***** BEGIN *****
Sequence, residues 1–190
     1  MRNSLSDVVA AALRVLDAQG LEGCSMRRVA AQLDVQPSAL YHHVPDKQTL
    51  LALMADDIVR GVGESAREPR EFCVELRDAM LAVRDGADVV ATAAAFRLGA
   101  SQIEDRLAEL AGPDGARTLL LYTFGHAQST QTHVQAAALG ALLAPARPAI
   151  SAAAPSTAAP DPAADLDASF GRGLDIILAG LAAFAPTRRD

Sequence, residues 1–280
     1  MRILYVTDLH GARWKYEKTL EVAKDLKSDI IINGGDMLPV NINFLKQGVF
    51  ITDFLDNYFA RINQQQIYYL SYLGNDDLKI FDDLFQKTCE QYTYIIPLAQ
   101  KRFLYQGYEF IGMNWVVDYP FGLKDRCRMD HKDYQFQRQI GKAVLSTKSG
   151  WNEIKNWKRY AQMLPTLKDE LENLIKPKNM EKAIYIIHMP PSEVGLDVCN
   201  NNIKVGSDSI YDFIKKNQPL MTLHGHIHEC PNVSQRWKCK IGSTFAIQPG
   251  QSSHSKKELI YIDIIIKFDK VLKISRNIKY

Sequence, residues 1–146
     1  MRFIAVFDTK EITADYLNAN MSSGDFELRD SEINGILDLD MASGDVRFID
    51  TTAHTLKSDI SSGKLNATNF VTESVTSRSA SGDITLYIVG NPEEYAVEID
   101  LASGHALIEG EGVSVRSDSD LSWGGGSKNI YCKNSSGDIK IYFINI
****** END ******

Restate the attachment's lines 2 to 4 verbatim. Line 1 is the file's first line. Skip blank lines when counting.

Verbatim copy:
     1  MRNSLSDVVA AALRVLDAQG LEGCSMRRVA AQLDVQPSAL YHHVPDKQTL
    51  LALMADDIVR GVGESAREPR EFCVELRDAM LAVRDGADVV ATAAAFRLGA
   101  SQIEDRLAEL AGPDGARTLL LYTFGHAQST QTHVQAAALG ALLAPARPAI